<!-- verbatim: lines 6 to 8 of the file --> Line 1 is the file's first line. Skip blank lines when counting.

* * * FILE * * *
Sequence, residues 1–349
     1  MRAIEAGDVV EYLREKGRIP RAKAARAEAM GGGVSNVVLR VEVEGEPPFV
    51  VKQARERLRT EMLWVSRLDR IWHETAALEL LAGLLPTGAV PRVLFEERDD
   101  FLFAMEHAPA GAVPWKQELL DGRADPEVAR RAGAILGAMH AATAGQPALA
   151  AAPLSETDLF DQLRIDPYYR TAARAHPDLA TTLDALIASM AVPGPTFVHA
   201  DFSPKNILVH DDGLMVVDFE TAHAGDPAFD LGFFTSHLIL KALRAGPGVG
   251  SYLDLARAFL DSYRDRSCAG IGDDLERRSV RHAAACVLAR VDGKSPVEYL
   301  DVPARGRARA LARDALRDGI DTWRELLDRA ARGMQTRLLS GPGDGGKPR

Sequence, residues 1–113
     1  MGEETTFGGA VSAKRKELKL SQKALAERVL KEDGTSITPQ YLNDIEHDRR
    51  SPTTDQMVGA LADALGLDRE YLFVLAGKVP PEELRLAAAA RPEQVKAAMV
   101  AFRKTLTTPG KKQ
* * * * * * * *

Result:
   201  DFSPKNILVH DDGLMVVDFE TAHAGDPAFD LGFFTSHLIL KALRAGPGVG
   251  SYLDLARAFL DSYRDRSCAG IGDDLERRSV RHAAACVLAR VDGKSPVEYL
   301  DVPARGRARA LARDALRDGI DTWRELLDRA ARGMQTRLLS GPGDGGKPR